One watched General Abacha say to rebels in Sierra Leone – “enough is enough”. When they failed to listen, he went into Sierra Leone, kicked out the rebels and reinstated the democratically elected government of Ahmed Tejan Kabba.

One watched from a distance as General Abacha said, “enough is enough” to warring Liberian thugs. When they failed to listen, he went in, grabbed one of the recalcitrant thugs, and brought him to Nigeria.

These decisive actions by Abacha paved way, however slightly, for peace in Sierra Leone and Liberia.

“The evil that men do, lives after them, the goods are interred in their bones”. Here were good deeds of Abacha that none remembers. Now need for the brave beckons?

None dare talk about good deeds of Abacha, else you will be branded “evil” or supporter thereof. Then one asks, what evil? Who does not see sundry evil that pervade Nigeria today, 6 or 7 years since General Abacha is been gone?

The so-called man of God that serves in General Abacha’s stead has, every Nigerian can attest, recorded more evil deeds in his six years in office than all past Nigerian leaders put together.

Today, corruption is the arrow with which Obasanjo’s regime hunts anybody it does not like. But corruption resides well inside the seat of the regime, while it blames and chases General Abacha’s shadows and those whose faces it does not like.

Then the usual and customary bloodletting Nigerians are known for, that abated when General Abacha was at the helm, erupted, not once, not twice, not thrice…keep counting.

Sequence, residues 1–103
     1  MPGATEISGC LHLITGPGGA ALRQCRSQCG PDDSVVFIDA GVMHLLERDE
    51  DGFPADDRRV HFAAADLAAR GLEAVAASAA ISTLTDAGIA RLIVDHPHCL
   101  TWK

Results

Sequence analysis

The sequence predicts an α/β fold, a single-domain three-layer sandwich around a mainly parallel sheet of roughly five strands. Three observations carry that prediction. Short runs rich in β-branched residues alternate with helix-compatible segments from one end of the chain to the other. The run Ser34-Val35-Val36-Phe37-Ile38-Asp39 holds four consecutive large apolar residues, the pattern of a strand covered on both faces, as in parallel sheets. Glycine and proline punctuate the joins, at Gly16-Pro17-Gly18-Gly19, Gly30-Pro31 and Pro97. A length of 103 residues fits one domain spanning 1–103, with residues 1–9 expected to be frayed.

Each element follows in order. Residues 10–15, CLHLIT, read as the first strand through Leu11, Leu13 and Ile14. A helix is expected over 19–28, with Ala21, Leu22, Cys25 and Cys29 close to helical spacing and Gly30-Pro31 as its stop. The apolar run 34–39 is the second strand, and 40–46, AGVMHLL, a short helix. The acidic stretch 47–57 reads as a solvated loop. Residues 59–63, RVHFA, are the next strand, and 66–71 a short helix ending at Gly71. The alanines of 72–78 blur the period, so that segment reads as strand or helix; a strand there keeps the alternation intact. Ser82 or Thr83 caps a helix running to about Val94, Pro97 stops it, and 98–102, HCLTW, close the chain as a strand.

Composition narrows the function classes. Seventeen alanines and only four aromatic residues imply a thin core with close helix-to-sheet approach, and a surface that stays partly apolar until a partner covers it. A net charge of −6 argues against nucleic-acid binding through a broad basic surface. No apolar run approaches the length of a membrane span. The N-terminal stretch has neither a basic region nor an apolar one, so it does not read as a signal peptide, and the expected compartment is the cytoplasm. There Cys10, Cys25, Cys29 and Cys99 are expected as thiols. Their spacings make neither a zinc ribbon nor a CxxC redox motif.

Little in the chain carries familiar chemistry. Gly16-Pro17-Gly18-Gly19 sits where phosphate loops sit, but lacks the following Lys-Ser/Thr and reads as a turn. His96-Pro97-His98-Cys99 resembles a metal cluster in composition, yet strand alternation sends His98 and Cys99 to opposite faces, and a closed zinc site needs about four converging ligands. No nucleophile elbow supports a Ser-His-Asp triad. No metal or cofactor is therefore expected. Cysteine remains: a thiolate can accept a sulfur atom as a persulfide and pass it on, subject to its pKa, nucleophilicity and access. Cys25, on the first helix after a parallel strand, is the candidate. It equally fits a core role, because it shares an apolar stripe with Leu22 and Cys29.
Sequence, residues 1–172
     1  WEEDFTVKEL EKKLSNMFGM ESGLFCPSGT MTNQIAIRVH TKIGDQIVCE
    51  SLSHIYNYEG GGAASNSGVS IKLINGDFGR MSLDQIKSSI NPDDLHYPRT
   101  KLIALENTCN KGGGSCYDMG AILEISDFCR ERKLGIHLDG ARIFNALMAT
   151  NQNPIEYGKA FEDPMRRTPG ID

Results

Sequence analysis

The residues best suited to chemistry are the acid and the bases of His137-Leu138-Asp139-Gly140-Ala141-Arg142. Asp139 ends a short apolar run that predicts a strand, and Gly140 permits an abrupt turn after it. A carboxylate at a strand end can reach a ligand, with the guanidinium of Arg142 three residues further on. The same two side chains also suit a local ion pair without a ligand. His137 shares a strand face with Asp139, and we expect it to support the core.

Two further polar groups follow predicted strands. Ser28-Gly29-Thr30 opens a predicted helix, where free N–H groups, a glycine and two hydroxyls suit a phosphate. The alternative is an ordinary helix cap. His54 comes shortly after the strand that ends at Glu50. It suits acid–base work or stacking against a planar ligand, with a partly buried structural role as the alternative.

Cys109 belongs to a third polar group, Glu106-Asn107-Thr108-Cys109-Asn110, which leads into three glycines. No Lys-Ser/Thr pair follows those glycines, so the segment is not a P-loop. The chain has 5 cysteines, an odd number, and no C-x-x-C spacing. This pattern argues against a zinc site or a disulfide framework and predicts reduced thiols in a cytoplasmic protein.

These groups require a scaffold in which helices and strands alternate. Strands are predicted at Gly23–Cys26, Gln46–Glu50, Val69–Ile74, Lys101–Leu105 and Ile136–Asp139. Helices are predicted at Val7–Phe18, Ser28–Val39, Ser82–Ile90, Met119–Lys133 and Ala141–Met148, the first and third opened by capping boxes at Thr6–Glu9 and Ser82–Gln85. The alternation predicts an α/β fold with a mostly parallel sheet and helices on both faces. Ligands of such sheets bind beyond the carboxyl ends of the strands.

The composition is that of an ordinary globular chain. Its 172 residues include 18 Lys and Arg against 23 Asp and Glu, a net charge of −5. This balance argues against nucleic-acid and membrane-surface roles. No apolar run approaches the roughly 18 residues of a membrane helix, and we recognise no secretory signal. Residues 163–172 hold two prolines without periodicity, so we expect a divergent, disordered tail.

Only days ago, an event that had its beginning in far away Denmark sparked blood orgy in far away Nigeria. It has been days and the all-knowing Obasanjo has uttered nary a word – just trite and trifle. If Obasanjo could borrow from General Abacha or at least pretend and yell, “enough is enough”, then rioters could be reminded that there is a limit.

And what does clearly pained citizen Joseph Rinyom do than to remember when it was that killing and maiming of fellow human beings on the basis of religion or ethnicity ceased - the time of General Abacha. Thus Joseph Rinyom remembers -

Abacha was not all that evil, as a commentator made it out to be, especially for those of us within the middle belt (which we refer to as the religious war belt). I cannot recall a single religious crisis during his time, and it was not for the want of trying on the part of Muslims. When he (Abacha) appointed Col. Dominic Oneya, as the first ever Christian governor of Kano, the sheiks swore that he would not be sworn in. He (Abacha) simply asked the military units in Kano to roll over anyone found rioting. No one came out in the streets.

When he (Abacha) imprisoned El Zakzaky, the firebrand Zauzzau (Zara) sheik, his followers threatened brimstone. He (Abacha) challenged them to try. They knew he meant business, and did not venture out. For us in the violence zone, it was a good respite from fear.

Remembering the goods, some of them - “interred in the bones” of the bravest of them all.

Peter Opara is a communications consultant, and author of Understanding the Nigerian Nation Tribes – Why they Boil; Think In Time – Essays and Encounters of the last Quarter of the 20th Century; The Man of Biafra – in the City Where America Began.

Posted by Administrator at March 9, 2006 01:24 PM